calf question

Discussion in 'Cattle' started by Unregistered-1427815803, May 25, 2004.

  1. We have three bottle calves, one of them was sickly but i think he was just constipated as he is much better now. I was told by our 4-h dairy leader to keep them penned up for at least a month in the barn, as he did't want them eating too much grass. I have a great pasture with lots of sunshine and shade, and i feel really bad about keeping them locked up in stalls all day. How could not getting excersize and sunshine be good for them?? I want to put them out there of a morning after thier feedings and bring them back in at night. He says they will stop drinking thier milk and eating thier starter if i do. What do you think?

  2. Sarah J

    Sarah J Well-Known Member

    Jun 28, 2003
    Southeast Iowa
    I think the only concern there is the possibility of over-indulgence in the grass causing bloat or upset rumens. Sunshine and fresh air are wonderful things - they get the chance to be running around and getting exercise. They will *not* stop eating the creep feed and drinking milk just because they're outside on the grass. How old are they? They should be exposed to either grass or hay - they'll start nibbling on it and that's really what you *want* for good rumen deveopment!

    Someone correct me if I'm wrong here...but I'm nearly 100% positive that your 4H person doesn't know what they're talking about.


  3. Jennifer122102

    Jennifer122102 Active Member

    May 25, 2004
    I don't see any reason why they couldn't go out on pasture. They won't stop drinking their milk and eating starter. Calves born out on pasture don't stop drinking their mamma's milk. Sunshine and excersise would be great for them. I would just start them out slow, maybe a few hours on pasture, increase the time slowly, so their bodies get used to the grass.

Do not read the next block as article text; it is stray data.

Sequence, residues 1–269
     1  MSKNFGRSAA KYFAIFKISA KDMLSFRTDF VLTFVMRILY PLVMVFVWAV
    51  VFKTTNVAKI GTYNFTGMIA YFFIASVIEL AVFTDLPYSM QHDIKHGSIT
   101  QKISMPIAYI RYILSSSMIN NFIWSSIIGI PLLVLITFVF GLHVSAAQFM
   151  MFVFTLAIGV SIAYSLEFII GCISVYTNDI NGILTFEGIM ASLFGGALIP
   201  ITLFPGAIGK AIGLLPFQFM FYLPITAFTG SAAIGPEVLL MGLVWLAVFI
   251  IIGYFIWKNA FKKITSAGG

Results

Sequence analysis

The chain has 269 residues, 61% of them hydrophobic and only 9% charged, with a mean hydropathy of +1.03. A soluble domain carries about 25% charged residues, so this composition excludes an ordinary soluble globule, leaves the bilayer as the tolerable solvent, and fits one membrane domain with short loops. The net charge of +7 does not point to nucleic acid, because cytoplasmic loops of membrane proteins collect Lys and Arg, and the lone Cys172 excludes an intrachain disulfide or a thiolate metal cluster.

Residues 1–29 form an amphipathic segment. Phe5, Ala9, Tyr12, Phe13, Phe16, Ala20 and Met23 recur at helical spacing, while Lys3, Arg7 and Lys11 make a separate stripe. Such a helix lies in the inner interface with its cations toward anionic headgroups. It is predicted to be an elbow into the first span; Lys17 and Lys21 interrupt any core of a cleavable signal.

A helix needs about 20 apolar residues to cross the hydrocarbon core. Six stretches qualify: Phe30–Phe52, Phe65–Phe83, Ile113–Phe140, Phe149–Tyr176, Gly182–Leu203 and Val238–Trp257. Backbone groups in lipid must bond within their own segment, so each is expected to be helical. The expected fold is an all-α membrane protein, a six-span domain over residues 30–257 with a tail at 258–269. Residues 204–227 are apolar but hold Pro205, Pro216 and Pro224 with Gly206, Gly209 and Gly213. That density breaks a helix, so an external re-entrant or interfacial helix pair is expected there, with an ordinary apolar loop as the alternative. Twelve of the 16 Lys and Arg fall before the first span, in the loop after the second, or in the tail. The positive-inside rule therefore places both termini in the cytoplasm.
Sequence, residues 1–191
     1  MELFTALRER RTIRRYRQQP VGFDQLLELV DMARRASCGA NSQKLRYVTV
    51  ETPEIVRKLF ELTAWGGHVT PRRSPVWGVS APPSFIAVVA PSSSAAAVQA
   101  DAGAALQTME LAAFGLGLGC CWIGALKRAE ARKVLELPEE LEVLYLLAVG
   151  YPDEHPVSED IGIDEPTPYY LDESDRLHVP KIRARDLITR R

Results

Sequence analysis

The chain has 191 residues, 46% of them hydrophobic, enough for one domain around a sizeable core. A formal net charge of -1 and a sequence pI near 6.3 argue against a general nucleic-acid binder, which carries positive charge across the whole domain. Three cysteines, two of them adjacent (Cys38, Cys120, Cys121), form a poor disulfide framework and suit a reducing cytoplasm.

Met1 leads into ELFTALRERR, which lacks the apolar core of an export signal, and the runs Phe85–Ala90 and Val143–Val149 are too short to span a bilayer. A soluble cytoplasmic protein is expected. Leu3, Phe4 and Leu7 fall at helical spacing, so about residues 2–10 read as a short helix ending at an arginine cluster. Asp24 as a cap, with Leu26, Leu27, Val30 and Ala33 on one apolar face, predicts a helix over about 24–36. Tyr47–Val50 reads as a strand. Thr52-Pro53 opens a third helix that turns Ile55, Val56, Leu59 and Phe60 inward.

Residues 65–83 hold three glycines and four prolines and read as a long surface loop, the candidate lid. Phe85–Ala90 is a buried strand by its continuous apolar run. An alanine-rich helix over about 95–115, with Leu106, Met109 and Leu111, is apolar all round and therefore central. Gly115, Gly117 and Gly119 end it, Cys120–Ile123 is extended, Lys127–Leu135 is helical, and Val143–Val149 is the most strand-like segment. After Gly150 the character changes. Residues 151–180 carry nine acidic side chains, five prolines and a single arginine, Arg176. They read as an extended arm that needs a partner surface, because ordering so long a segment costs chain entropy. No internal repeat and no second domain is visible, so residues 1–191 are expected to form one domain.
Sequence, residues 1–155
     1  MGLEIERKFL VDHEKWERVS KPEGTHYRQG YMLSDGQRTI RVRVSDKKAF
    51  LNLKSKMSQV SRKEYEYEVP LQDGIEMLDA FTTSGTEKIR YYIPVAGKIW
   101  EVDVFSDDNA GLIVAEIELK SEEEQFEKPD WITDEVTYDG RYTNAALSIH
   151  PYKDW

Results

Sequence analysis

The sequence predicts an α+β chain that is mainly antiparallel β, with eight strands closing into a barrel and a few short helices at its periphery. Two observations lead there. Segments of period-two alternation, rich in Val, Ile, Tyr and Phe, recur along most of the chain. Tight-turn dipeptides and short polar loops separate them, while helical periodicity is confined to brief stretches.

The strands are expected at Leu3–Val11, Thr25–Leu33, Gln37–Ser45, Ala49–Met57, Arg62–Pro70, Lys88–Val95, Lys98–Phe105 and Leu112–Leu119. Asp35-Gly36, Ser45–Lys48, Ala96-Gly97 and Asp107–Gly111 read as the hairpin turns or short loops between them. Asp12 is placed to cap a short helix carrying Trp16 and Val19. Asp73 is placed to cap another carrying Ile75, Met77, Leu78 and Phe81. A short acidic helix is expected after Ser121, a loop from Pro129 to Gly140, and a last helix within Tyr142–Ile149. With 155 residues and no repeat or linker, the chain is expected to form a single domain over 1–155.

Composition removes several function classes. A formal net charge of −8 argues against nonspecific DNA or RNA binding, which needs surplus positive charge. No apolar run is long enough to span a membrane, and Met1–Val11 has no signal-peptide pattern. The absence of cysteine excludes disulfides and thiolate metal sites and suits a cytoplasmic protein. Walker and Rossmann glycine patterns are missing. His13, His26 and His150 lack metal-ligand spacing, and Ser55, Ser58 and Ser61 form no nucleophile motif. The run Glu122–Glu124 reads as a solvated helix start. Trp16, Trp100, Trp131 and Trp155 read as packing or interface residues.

4. you know, what he said just didn't sound right to me. We raise dairy goats, and i know that you want that early development of the rumen. This man is soo nice, but i have to wonder on many of the things he said. He doens't think calves do well on goats milk, we raise two or three every year on excess milk and they always do better on that than replacer. He told us he was bringing my daughter a holstein calf, then brought us a jersey. Several things, if you ask once you get one answer, ask twice and you get another! I am going to introduce them to the pasture, and get the poor things out of the barn. Thanks
  5. tinknal

    tinknal Well-Known Member Supporter

    May 21, 2004
    I agree with the others, just introduce them to it slow, an hour or so a day. Watch closely for bloat (distended abdomen), especially if you have clover or alphalfa in the pasture. Also feed plenty of oats, they keep things loose inside.